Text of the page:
I really liked this set up of having the retractable tape barrier behind us for that extra bit of breathing space. I wished they did this at O2 Academy and O2 ABC Glasgow as people stand right up against the back and sides of my wheelchair, I always feel crammed in and unable to move.

Emma sitting in the accessible balcony area.
Emma sitting in the accessible balcony area.

View From The Accessible Balcony Area

As much as I loved the space in the accessible balcony I really didn’t like the view from there. My view was restricted because of the balcony railing in front of us. It was right at eye level.

At first, I found myself bending my neck down to see under it, but I knew I wouldn’t be able to do that for long. We moved back a little hoping that would give us a better view but it didn’t improve much.

The view of the stage restricted by the balcony railing at The Old Fruitmarket.
The balcony railing at The Old Fruitmarket ruining the view of the stage.

It wasn’t just me that was struggling with the balcony railing though. Despite Allan being over 6 feet he also couldn’t see the stage comfortably while seated. The other wheelchair user also couldn’t see but luckily her wheelchair was able to rise up to give her a better view.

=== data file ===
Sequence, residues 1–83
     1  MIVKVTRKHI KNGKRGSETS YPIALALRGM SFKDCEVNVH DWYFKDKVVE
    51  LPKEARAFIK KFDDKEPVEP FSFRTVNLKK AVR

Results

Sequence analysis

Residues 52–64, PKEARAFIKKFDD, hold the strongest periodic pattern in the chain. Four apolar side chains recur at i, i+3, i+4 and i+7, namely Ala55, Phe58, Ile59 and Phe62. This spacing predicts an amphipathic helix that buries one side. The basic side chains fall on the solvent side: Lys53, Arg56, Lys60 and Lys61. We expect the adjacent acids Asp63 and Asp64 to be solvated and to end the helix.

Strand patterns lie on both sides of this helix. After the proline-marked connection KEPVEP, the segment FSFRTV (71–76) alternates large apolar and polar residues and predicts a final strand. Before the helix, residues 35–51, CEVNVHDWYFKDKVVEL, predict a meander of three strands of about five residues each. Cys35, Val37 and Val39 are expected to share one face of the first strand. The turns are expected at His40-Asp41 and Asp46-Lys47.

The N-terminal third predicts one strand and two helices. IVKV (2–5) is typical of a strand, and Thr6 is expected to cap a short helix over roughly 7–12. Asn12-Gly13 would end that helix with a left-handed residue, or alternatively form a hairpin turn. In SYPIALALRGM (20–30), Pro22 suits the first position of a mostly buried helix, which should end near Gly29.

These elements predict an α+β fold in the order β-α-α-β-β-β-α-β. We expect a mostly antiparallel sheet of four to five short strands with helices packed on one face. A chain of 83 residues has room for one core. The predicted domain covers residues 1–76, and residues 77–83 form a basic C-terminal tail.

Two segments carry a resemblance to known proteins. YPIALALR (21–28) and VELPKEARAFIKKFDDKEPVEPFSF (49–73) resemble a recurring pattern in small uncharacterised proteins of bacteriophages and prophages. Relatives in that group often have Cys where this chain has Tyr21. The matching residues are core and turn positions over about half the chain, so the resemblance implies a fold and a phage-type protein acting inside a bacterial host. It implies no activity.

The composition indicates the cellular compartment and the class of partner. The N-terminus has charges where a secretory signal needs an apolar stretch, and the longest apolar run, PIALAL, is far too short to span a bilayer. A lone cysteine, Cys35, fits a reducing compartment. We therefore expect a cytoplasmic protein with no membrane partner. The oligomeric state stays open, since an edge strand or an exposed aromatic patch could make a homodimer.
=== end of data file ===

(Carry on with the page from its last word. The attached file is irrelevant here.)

There was another couple in the accessible area that sat in seats and they too couldn’t see the stage without bending their necks down to see under and through the balcony railings.

The only saving grace was the projector screen hanging above the stage. This allowed us to see what was going on on stage, but because it was a projector, the quality wasn’t great, so it might be difficult for people with visual impairments.

Allan needs to wear glasses for distances but can manage without if he doesn’t have his glasses with him. He didn’t have them with him at the Old Fruitmarket so did struggle to focus on the screen.

Accessible Toilet

The accessible toilet is very close to the balcony area which is great. We wanted to take a quick snap of the toilet before leaving but just as we approached we saw five girls all going into the accessible toilet at the same time.

The accessible toilet doesn’t have a RADAR key lock, which I think would be a very good idea if it did. Unfortunately, we couldn’t wait around for all five girls to come out of the accessible toilet so we had to leave.

Picture This

Picture This is an Irish band with a pop-rock sound and had recently released their second album MDRN LV. I’ve enjoyed their music for the past year, particularly their self-titled debut album so was keen to see them live when it was announced they were coming to Glasgow.

The band Picture This on stage at The view from The Old Fruitmarket.
Picture This on stage at The view from The Old Fruitmarket.

I hate to admit this, but I wasn’t overly impressed with the gig. I mean, seriously, I don’t think I have ever given a bad or even slightly bad review of a band on my blog. We both left the gig feeling a bit deflated.